The cake is a lie.

The reality is that, in America today, there are two types of people: those who understand that statement and those who don’t. Gamers, and non-gamers. People who laugh and roll their eyes when they hear someone scream the name “Leroy Jenkins,” and people who shrug in indifference.

There is a third subset of people, which includes myself, who understand the statement academically but not practically. We are not gamers ourselves, but we live with them. We are friends with them, parents of them, married to them. But we don’t really “get it,”

But the reality is that the social media movement known as #GamerGate affects all of us, no matter how limited our connection to the gaming world. Gaming defies traditionally defined demographics. Gamers are men, women, children, black, white, Hispanic, Asian, gay, straight, religious, non religious, etc. The chances are slim that you could go through life without contact with a gamer (or several).

There are several hundred accounts of the facts and events that made #GamerGate a reality – far too many for the non-gaming crowd to digest and process in real time – so for the most part it has been ignored by people outside of the gaming community. Even some regular gamers have dismissed it as media hype and attention-grabbing. And the reality is that there are probably some people – as there are with any movement – who are involved for the wrong reasons.

So what is it? In a nutshell, #GamerGate is a resistance movement.

There has always been a bias in gaming media. Crappy games got great reviews and people didn’t get it. Then Indie game Developer Zoe Quinn went through a bad breakup, and when her ex disclosed the names of men she had cheated with, it included editors and journalists who had given her games good reviews. Quinn was effectively the Arch Duke Ferdinand of #GamerGate, setting off a war that was already brewing. – Ashley Phoenix (@AshPnX)

#GamerGate is essentially the backlash, fueled by gamers themselves, against a collusion between game developers and certain gaming journalists to promote specific games based on their political value rather than merit.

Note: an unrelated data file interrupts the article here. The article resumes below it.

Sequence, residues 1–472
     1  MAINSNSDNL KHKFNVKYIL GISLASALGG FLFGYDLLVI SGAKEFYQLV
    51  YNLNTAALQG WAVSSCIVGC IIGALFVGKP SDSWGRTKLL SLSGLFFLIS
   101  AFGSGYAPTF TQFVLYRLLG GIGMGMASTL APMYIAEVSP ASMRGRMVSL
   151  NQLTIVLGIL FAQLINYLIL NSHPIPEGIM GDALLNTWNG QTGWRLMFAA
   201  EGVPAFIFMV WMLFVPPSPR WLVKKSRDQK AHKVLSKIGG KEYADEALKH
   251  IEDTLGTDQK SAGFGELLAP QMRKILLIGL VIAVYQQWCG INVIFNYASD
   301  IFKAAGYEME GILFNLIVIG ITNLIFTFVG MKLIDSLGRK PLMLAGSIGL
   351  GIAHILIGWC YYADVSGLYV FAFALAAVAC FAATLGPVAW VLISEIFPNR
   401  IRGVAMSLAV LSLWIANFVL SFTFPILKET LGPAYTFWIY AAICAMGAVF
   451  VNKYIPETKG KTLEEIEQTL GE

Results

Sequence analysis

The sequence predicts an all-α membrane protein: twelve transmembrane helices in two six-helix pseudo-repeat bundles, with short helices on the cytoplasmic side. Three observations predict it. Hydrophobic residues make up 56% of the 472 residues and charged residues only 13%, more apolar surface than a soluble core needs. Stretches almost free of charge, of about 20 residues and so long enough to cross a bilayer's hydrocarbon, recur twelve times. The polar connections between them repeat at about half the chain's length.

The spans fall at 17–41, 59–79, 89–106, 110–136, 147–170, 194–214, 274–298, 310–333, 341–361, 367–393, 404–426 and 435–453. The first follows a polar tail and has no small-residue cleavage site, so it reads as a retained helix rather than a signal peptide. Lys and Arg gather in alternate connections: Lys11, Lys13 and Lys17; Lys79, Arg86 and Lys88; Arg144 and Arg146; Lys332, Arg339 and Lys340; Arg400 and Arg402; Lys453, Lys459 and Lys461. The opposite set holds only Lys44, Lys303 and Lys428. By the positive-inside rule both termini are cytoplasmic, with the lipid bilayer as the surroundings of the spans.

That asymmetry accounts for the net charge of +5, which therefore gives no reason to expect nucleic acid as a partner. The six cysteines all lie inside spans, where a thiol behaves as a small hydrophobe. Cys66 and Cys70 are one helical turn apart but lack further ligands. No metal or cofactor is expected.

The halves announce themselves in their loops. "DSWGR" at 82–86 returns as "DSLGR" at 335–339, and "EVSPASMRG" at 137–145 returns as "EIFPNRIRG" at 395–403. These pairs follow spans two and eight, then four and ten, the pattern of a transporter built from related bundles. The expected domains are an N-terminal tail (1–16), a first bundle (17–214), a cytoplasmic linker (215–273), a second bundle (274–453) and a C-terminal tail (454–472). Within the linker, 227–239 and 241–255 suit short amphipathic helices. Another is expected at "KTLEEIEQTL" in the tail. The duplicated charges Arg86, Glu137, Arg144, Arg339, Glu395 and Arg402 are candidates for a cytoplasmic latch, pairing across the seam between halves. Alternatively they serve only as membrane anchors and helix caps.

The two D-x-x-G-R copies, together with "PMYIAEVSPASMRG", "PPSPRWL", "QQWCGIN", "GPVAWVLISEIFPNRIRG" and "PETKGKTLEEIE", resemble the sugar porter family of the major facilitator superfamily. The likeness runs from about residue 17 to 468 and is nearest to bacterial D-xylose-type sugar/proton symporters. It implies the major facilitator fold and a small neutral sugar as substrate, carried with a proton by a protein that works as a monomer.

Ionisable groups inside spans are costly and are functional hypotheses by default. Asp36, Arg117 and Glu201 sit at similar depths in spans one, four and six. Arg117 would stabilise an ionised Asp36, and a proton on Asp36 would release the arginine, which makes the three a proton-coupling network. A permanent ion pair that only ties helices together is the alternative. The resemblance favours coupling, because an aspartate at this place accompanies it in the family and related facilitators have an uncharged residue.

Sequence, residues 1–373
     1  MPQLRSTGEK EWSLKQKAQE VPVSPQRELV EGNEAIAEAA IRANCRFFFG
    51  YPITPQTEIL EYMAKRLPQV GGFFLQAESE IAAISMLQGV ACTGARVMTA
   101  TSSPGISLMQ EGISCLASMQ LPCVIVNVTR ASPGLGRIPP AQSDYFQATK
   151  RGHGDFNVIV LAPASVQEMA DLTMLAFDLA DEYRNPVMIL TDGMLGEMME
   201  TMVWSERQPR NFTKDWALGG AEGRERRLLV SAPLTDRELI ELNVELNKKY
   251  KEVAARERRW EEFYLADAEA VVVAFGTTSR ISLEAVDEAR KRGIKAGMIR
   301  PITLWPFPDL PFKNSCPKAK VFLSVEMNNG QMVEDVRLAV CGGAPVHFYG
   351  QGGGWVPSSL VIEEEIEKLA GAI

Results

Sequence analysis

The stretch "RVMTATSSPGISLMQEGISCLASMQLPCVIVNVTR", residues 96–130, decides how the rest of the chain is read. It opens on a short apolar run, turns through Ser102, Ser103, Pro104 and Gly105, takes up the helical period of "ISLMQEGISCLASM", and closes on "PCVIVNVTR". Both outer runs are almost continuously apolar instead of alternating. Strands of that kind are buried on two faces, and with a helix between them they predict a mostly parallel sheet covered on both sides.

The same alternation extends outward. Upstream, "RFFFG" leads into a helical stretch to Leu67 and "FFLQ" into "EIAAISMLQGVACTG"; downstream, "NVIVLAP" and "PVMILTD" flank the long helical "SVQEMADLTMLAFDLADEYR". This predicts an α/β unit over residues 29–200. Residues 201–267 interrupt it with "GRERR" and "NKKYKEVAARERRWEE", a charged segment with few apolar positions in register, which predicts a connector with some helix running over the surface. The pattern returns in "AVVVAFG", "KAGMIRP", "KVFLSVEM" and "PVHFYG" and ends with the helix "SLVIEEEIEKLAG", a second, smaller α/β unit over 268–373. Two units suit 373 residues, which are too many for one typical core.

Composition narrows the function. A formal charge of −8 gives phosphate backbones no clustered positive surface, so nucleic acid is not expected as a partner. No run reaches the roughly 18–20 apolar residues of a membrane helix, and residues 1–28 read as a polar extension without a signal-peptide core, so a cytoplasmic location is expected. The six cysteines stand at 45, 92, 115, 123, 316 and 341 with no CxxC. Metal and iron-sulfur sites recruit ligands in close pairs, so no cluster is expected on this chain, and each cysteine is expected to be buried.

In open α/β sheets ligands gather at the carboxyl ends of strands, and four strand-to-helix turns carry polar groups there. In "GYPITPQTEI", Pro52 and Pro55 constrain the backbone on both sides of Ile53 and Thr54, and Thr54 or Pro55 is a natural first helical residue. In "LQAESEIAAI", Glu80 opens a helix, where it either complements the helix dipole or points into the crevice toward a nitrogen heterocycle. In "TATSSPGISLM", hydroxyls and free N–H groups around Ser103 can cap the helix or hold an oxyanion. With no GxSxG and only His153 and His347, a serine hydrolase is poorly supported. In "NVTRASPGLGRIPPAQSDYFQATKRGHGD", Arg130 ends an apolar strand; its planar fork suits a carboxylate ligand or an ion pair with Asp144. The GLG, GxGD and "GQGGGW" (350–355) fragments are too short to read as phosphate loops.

Political value? In games? YES. And who determines that political value? Trust fund babies and hipsters, not to put too fine a point on it.

Grand Theft Auto glorifies violence toward women. We should ban it.

That game doesn’t have any female heroes. How can women possibly play that without feeling marginalized?

Violent video games, especially military inspired first person shooters, are the reason we have tragedies like Newtown and Aurora.

You’ve heard it all before, but maybe you didn’t make the political connections. Maybe you thought that Grand Theft Auto was too violent and you didn’t want your kids playing it, so maybe it was ok to ban it.

But herein lies the problem: if someone wants to control the political value of video games, there is a reason. If someone has something to gain by limiting free speech and expression, we should immediately be concerned.

Avid gamer – and regular contributor at Dana on the Blaze – Brandon Morse had this to say:

Gaming is everywhere. Schools are using gaming to aid in learning, because it works. Games like Minecraft teach all kinds of skills. And it’s not just high schools and colleges, it’s elementary schools as well.

So relatively unbeknownst to the rest of the world, a handful of self-proclaimed “Social Justice Warriors” took to social media in order to wrest control of gaming media from the gamers. And so far, the gamers appear to have won. Gawker alone took a seven figure hit, and though that doesn’t mean it will fade into obscurity, it did get a fair bit of attention. An anti-GamerGate group even tried to gain traction with a petition to get vocal #GamerGate supporter Adam Baldwin's invitation to Aussie pop culture Supanova Convention revoked. The counter petition was swift and decisive, quickly generating a far greater response from fans.

This is a big win. There won't be a parade, but this is an important battle in the long culture war. More people are aware now of the SJW jargon and tactics. I am optimistic that the closed-minded anti-gamers have been forced to show their totalitarian colors to a younger crowd. – Adam Baldwin

Why have the gamers won? Brandon Morse had some ideas:

The Social Justice Warriors tried to take on a bunch of kids who literally fight dragons every day. They spend hours learning tactics and fighting evil, so this is nothing.

And I truly believe that is why gamers were so quick to fight back – and why they have been so successful thus far: they can still see the line between good and evil. We live in a society that loves to blur that line.

I watched Maleficent a few weeks ago with my children, and nearly came to blows with my television. “Why can’t they just let good be good and evil be evil?” I asked my husband. Why do all that perpetrate evil have to have a qualifying backstory that makes their evil the result of some unfair or horrible set of circumstances? Why do all heroes have to be fatally flawed? Why does Hillary Clinton think that, in order to fight the War on Terror, we must “seek to better understand our enemies”?

Well, in games, sometimes evil is just evil. Sometimes good is just good. Creepers and zombie pigmen don’t have backstories. Sometimes when someone attacks you, the best response is simply to neutralize the threat rather than to psychoanalyze it. And gamers get that. More of us should as well.*

*A complete podcast (warning: language) of my interview with @AdamBaldwin, @theBrandonMorse, and late addition @theWTFmagazine is available for download.